Project 3: Website Analysis

Autostraddle is a popular blog/website focused on lesbian issues and culture as well as media and entertainment. Unlike much LGBT-focused media and entertainment, Autostraddle makes it a point with every post to include queer women of all identities, with regard to race, sexuality, age, class, and religion. Many trans women, women of color, and disabled women struggle to find representation of queer experiences that look like theirs, be it on similar news-focused sites, or in TV and film. If you’re someone who identifies anywhere on the spectrum of queer womanhood who has been disappointed by site after site, Autostraddle is guaranteed to have something to offer you.

Until recently, the site used a more blog feed-like visual format with one post after another, but recently switched to a three column layout that delivers more information to the user from a vantage point. Posts can be accessed in a chronological feed, or from drop-down links split into a few categories at the top of the page (Arts & Pop Culture, Sex & Relationships, Community, Columns, Identities, and More), each of which expands into several meticulously organized subcategories. This row of links is placed under the streamlined logo and site title on the left of the page, drawing the user’s eye to it first. To the right are more links to the online store, information about the site, and ways to get involved, as well as donate button highlighted in bright pink, in contrast to the overall white and pale teal color scheme. There is also a search bar and links to all social media at the top of the screen, and a dismissible banner with a more prominent link to the store. The bottom of the screen recapitulates links to the about page, contact information, and social media links, making it easier for the user to access these without having to scroll up again to the top of the page.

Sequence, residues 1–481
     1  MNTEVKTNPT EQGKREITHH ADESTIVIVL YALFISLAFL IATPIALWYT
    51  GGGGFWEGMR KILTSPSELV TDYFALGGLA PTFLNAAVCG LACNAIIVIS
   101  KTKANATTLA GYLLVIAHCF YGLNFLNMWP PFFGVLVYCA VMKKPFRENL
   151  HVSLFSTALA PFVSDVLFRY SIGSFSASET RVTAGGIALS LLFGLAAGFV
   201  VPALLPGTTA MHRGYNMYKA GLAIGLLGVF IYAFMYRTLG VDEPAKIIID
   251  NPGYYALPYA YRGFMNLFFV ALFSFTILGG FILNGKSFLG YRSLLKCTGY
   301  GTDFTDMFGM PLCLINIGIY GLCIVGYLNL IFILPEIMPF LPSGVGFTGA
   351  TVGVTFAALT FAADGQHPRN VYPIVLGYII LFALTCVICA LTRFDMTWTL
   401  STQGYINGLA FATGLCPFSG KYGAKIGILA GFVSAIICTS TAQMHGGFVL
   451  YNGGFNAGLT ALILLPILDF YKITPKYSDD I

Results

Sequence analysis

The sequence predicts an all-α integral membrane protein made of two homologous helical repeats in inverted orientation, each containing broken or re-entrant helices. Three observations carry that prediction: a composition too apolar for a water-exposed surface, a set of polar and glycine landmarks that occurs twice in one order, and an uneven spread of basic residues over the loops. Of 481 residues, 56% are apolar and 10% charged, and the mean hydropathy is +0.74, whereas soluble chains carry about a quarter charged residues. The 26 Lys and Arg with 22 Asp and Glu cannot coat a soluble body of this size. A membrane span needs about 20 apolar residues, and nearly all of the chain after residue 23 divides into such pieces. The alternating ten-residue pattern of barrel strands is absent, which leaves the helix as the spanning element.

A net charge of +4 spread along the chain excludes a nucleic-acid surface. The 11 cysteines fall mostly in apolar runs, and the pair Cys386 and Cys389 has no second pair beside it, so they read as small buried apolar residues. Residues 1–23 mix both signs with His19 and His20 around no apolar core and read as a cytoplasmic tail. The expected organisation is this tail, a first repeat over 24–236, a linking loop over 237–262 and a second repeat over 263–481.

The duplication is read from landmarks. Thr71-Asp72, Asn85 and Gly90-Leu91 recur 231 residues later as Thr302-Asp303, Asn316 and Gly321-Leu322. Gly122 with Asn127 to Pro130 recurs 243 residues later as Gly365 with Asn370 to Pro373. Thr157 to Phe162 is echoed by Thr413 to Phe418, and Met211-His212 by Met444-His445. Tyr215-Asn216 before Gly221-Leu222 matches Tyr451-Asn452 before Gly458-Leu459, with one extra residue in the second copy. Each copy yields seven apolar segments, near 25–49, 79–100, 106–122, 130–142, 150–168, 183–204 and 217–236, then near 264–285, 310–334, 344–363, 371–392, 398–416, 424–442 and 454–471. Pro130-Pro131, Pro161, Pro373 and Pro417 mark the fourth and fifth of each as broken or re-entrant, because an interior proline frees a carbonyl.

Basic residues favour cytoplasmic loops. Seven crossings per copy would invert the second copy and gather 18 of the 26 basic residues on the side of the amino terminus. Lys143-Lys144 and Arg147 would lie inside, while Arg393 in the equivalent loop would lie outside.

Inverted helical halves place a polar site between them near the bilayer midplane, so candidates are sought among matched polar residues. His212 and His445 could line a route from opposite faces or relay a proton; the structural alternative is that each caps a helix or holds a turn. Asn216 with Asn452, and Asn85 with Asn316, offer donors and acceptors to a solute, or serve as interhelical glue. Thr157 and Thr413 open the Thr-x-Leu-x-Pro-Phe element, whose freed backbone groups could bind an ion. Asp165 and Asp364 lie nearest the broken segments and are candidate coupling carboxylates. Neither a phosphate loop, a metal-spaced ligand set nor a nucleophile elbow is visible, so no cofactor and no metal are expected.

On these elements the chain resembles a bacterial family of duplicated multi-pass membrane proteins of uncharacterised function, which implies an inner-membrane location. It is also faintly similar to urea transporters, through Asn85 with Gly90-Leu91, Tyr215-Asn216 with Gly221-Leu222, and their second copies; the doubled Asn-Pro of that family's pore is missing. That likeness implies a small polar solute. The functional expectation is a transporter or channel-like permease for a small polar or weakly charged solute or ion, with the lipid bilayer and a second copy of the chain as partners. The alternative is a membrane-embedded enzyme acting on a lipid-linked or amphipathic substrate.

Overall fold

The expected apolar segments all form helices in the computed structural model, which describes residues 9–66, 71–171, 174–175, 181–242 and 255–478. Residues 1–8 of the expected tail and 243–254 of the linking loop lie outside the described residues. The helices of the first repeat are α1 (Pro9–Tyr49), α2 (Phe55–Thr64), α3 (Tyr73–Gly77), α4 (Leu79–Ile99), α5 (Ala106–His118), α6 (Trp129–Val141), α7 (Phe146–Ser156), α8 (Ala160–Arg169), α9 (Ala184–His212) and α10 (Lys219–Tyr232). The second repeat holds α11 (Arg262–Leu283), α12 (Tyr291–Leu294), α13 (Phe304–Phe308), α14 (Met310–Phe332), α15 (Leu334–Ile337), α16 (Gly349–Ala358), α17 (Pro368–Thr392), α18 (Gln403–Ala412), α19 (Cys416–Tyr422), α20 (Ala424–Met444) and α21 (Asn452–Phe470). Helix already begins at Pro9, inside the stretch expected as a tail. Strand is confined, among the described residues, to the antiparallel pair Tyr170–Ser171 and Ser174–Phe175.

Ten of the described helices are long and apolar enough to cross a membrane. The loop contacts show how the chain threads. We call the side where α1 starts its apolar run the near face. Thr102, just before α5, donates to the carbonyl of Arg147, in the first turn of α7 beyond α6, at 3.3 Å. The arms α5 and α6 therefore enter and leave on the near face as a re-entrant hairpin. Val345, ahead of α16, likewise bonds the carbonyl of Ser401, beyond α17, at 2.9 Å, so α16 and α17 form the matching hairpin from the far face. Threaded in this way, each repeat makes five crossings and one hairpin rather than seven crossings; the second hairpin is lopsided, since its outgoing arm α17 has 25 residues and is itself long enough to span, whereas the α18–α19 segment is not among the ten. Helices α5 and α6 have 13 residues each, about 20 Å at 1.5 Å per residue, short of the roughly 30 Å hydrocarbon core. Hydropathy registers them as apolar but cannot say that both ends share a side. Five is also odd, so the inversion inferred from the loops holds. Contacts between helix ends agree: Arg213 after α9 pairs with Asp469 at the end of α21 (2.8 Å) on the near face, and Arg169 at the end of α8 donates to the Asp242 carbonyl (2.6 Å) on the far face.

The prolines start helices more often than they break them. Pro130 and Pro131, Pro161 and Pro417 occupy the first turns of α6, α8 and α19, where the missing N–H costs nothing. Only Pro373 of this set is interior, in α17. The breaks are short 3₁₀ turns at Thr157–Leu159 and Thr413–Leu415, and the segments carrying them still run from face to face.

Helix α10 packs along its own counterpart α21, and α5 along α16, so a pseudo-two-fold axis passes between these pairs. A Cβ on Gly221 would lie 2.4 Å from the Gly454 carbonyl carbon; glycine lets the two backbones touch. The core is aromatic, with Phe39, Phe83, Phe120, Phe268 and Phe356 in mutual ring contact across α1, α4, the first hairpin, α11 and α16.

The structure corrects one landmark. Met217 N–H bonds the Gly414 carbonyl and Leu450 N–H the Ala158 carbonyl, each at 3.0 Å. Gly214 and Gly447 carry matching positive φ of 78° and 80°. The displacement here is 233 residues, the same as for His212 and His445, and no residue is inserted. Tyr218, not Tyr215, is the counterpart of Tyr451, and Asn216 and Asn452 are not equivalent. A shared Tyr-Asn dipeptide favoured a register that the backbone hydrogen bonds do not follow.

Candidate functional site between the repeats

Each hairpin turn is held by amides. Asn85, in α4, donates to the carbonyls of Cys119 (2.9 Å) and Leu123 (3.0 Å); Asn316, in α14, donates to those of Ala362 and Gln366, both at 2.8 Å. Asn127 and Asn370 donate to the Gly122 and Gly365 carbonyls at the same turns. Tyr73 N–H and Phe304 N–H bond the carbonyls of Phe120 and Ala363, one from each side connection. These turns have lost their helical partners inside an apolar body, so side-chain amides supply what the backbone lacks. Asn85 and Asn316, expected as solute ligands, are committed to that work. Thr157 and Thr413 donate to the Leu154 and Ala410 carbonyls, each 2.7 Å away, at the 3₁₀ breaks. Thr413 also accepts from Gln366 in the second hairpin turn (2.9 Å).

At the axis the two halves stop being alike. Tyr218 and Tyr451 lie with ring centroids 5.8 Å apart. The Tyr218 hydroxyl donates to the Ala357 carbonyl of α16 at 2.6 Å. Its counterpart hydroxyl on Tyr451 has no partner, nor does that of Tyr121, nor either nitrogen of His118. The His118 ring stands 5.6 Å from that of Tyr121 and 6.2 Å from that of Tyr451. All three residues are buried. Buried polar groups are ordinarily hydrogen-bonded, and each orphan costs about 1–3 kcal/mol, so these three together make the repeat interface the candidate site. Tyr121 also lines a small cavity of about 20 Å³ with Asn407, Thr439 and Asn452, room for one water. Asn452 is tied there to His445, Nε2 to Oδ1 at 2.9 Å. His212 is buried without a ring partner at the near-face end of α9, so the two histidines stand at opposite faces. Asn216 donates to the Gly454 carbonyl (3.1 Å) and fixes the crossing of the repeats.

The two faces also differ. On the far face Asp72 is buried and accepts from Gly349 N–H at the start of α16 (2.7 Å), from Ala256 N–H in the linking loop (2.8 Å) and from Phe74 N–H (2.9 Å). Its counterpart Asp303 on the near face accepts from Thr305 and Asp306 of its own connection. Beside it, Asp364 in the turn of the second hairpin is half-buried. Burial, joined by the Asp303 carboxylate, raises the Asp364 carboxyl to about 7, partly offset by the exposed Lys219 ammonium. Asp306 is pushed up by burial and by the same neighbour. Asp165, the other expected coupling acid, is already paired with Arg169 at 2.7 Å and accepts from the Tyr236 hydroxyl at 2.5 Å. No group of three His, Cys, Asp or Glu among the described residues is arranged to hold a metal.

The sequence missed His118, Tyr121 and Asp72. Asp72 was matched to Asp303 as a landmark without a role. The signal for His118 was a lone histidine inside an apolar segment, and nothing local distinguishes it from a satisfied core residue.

Under the “Support Us” link is a drop-down menu with several options. The first, “Buy Our Merch”, redirects to another site which hosts the blog’s official store where patrons can buy many different designs on shirts, hoodies, and even underwear, ranging from those explicitly declaring one’s sexuality to others simply stating a love for cats. The second suggestion offers the option to “Become an A+ Member”, the site’s premium membership, allowing access to bonus (sometimes personalized) content and deals on merchandise on their own site as well as partnering stores, created to help the site survive without resorting to heavy advertisements. Other options include a simple “Donate” button and a link to shop affiliated businesses from which Autostraddle receives money.